In my freshman year at Friends Seminary, I was a volunteer at an event in which we screened the documentary, Girl Rising, as an advocacy project. The movie Girl Rising is about 9 girls that live in third world countries that are trying to earn an education so they could live their lives differently and out of poverty. We also partnered with an organization called Connect to Learn which was a charity that helped girls that lived in impoverished places to go to school. Friends Seminary decided to earn enough money to send a girl to a school in Uganda. To do this, many other students and I started up bake sales in the lobby, accepted donations from anyone that wanted to donate, and have a big movie night and have a suggested donation and concession stands to earn enough money to send one of the girls to school. When started this activity I didn’t really care about what I was doing and I just wanted service hours, however, after getting more involved in the movie and actually seeing it actually showed me how hard and sad it is for young women in many other countries of the world. I wanted this girl to rise and actually go to school because of the doing of Friends Seminary. In the end of the entire process, we raised over $1,800 which was the amount of money we needed to this girl to go to school. The movie was very touching and it showed me how different it is outside of the country that I live in.
I’m the host of a travel web-series called Booker Travels that is meant to encourage kids to get out of the house and explore the world. Every year we try to go on three trips and usually come back with enough content to produce five episodes. These five episodes show the featured locations through the eyes of a younger generation rather than some adult standing in front of a museum and reading a script. Our goal isn’t to educate people with facts that they could have just googled, but to give our viewers a taste of what other parts of the world are like. My travels always give back to the community that we visit and also try to expand the horizons to whoever has access to the website.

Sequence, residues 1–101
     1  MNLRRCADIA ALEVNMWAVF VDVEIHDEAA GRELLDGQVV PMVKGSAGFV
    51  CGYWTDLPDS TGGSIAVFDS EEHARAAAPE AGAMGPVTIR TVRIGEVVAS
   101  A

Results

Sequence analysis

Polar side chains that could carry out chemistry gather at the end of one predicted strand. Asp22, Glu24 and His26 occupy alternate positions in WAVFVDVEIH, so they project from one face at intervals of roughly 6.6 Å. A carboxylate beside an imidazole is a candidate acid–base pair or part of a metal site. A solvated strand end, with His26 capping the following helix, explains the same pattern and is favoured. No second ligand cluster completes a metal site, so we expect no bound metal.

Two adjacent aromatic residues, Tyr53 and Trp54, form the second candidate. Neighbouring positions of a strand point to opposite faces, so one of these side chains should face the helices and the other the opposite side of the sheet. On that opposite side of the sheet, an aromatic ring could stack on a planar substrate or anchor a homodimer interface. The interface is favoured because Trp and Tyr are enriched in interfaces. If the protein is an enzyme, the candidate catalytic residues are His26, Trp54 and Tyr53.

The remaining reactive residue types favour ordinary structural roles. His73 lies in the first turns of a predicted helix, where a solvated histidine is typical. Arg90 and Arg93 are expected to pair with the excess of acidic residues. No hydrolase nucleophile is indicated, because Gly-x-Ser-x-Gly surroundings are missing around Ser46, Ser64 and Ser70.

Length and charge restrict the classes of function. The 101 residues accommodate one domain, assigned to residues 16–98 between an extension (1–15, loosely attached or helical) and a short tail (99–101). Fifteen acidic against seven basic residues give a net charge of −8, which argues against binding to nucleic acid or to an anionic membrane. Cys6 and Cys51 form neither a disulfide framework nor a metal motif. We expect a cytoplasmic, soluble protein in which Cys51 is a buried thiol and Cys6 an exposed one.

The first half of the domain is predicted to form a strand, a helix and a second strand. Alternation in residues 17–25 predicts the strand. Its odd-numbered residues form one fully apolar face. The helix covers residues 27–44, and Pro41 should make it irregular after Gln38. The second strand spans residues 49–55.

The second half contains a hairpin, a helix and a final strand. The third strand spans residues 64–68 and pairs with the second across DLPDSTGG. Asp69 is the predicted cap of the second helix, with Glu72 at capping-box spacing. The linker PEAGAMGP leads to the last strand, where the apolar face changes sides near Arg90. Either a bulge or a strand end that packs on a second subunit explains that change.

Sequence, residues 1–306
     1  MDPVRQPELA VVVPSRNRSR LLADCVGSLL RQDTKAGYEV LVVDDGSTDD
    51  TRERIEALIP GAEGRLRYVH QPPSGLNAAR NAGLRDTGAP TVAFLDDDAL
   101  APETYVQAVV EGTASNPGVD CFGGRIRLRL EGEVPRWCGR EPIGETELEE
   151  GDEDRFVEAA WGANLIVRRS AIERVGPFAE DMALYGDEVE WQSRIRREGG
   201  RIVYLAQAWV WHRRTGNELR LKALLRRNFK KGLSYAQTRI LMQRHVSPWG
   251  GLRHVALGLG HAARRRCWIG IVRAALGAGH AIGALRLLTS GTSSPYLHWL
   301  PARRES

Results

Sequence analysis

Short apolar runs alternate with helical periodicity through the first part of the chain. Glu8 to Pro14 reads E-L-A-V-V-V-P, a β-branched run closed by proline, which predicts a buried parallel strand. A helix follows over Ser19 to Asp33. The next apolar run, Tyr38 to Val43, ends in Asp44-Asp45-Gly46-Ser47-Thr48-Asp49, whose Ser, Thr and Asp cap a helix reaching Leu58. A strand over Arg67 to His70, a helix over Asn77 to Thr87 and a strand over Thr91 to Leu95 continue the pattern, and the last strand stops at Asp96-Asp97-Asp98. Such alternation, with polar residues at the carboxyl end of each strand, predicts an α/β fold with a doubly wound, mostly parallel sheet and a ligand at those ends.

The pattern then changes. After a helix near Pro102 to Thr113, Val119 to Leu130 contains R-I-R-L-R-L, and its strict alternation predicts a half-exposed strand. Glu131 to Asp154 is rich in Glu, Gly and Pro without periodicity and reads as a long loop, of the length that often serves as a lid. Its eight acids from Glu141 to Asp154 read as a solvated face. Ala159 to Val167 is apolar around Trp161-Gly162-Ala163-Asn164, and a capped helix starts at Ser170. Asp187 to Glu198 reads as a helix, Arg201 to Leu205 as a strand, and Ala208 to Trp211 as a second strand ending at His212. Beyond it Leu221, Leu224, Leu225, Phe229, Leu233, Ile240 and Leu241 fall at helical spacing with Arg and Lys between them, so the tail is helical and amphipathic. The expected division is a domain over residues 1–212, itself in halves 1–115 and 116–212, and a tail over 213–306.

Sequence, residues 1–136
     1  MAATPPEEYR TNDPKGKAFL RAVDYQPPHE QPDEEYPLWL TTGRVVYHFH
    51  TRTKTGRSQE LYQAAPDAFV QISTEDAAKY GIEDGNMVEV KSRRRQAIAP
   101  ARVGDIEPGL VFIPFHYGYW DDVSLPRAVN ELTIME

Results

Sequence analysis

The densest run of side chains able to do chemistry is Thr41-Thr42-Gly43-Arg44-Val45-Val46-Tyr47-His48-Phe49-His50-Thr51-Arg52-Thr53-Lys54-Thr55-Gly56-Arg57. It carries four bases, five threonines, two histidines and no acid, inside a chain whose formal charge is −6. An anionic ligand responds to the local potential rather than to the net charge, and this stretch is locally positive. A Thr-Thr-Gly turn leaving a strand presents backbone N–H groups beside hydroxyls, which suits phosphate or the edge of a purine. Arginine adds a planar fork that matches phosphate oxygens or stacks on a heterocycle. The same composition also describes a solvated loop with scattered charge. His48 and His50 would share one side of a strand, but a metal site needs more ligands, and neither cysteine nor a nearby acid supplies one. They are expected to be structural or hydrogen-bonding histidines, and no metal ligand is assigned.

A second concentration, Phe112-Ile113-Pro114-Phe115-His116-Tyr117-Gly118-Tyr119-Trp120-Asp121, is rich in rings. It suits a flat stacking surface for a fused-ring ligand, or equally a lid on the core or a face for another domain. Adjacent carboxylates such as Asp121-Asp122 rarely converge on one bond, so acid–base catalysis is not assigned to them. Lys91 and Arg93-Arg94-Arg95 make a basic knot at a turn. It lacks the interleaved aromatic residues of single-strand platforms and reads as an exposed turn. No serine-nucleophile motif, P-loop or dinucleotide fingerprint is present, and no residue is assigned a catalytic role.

Our show also always involve locals, who give us a taste of what life in these places is really like. Each of the episodes talk about either getting to the location, the local scene and culture, the cuisine, the surfing or skateboarding environment, and its contrasts with home. We find it very important to immerse ourselves in the culture to truly get the most out of our trips. In doing this we usual end up staying at a house rather than a hotel and spend a lot of time following locals and their daily routines. This year I traveled to San Francisco and Sri Lanka. On each of our trips I meet some amazing people, and some of their stories and the culture that surrounds them is exposed on our episodes. Our goal is to give the closest thing to a first hand experience and inspire kids to explore the world around them.
check out our website: http://bookertravels.com
check out our youtube channel: http://www.youtube.com/user/btravelsnetwork
In History Class this year we learned about the Millennium Development Goals. They are 8 goals created by the United Nations, focusing on improving the world, in many different ways by 2015. We each individually researched a goal and wrote a research paper on it. We also individually wrote a research paper on the Millennium Villages Project, which is a project with 10 participating villages in Africa fighting against poverty, focusing on its praise and criticism. This past year we also collaborated with the Kisyoro School in Ruhiira, Uganda. We sent key notes to them describing life in the city, including photos of ourselves and different city things, and they in return sent us the same about where they live. Interacting and learning about these girls lives has been a truly amazing, and eye-opening experience.You don’t acknowledge what privilege we have living in NYC, and going to such a great school on a normal basis, but through the 9th grade service learning project you are shown that in the best of ways.